Historic Native American church destroyed by fire

Gila River Indian Community ‘grieving the loss of this historic landmark’

by Gail Strange | Presbyterian News Service

A March 25 fire destroyed the historic C.H. Cook Memorial Church, part of the Gila River Indian Community. (Contributed photo)

LOUISVILLE — The adobe walls are all that remain of the C.H. Cook Memorial Church in Sacaton, Arizona.  Built in 1887, the historic church was destroyed by fire on March 25.

“Our community is grieving the loss of this historic landmark,” said the Rev. Martha Sadongei, Native American consultant to the Presbytery of the Grand Canyon’s southern area and a member of the Kiowa/T’hono O’odham tribes. Added to the National Register of Historic Places in1975, the 40-member church is believed to be the oldest Presbyterian church in Arizona.

The church fire was a result of arson. Two juveniles and an adult were taken into custody within hours of the fire and held on suspicion of arson.  It has not been determined if the crime was racially motivated.

Sacaton has a population of about 1,000 Natives living on the reservation of the Gila River Indian Community. While the fire was devastating, services have continued. The community will continue worshiping in a chapel constructed in the 1980s and located nearby.

“We’ve been worshiping in the facility for about 15 or 20 years,” said Sadongei. “The new church is just a few thousand yards away from the historic site.”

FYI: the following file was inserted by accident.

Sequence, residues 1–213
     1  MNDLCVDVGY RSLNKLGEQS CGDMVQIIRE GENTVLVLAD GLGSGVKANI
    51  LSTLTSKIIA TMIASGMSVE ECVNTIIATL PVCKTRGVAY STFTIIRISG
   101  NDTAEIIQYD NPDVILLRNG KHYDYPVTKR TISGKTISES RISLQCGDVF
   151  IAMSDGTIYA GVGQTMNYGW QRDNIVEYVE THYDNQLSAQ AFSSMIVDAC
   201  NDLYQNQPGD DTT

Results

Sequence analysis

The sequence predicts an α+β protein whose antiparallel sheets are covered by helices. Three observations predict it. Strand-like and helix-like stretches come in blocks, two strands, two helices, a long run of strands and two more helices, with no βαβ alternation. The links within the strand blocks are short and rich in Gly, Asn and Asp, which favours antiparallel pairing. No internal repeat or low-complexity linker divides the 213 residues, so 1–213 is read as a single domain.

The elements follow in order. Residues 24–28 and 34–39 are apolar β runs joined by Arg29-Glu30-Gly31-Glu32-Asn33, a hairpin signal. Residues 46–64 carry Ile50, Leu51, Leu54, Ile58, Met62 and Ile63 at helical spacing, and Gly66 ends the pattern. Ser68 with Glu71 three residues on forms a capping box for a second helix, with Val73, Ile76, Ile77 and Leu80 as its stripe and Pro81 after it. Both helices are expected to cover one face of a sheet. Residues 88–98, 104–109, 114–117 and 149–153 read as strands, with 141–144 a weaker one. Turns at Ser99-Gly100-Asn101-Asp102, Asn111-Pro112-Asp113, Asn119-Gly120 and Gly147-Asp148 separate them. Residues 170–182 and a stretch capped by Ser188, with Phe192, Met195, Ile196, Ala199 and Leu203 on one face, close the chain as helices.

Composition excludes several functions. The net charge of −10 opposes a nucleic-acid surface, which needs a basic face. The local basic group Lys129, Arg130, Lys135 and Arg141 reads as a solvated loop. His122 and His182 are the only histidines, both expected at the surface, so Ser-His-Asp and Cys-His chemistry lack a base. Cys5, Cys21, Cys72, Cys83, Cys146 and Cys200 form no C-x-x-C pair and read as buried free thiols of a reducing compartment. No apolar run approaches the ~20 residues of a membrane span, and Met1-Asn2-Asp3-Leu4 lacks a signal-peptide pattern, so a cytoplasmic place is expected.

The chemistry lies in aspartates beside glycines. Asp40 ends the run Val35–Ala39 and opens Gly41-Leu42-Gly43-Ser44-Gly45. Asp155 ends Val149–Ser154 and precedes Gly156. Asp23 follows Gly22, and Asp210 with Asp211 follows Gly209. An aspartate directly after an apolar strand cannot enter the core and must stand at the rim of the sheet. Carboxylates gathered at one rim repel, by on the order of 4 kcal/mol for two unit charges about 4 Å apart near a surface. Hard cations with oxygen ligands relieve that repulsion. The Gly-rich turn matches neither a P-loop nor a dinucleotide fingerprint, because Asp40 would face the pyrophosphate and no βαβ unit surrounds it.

The newer building was not impacted by the fire.

“When I started this role in January I thought I was only going to be looking at the physical condition of buildings,” said Steve Hirsh, Coordinator of Native American Church Properties for the Presbyterian Church (U.S.A.).  “I started at the Pima area churches and began to realize that these churches are far more than buildings,” calling each church “a conduit of and to its members.  No matter which building they worshiped in, everyone was connected.”

“After being informed that the First Church of Sacaton was in flames, I couldn’t imagine the devastation and loss that must have been felt not only within the Pima community but throughout the community as a whole,” he said. “I had the privilege of admiring this historic building dedicated to Charles H. Cook and was impressed not only by its earthly beauty but its bones (structural integrity) as well.  It was truly unusual to see such a large adobe structure so sound, especially after 132 years.”

Hirsh says he considers it an honor to inventory Native American Presbyterian properties.  “I look forward to seeing each church’s uniqueness as I did at the C.H. Cook Memorial Church,” he said.

“The church remains closed off by the fire department,” said the Rev. Brad Munroe, presbytery pastor for the Presbytery of the Grand Canyon. “At this point we don’t know if anything is salvable. We won’t be able to make that determination until we are allowed in the building.”

The church is named after Charles H. Cook, a young missionary who arrived in Sacaton in December 1870. Cook founded the church as part of his missionary work in the Southwest. He later went on to create a theology school for Native Americans.


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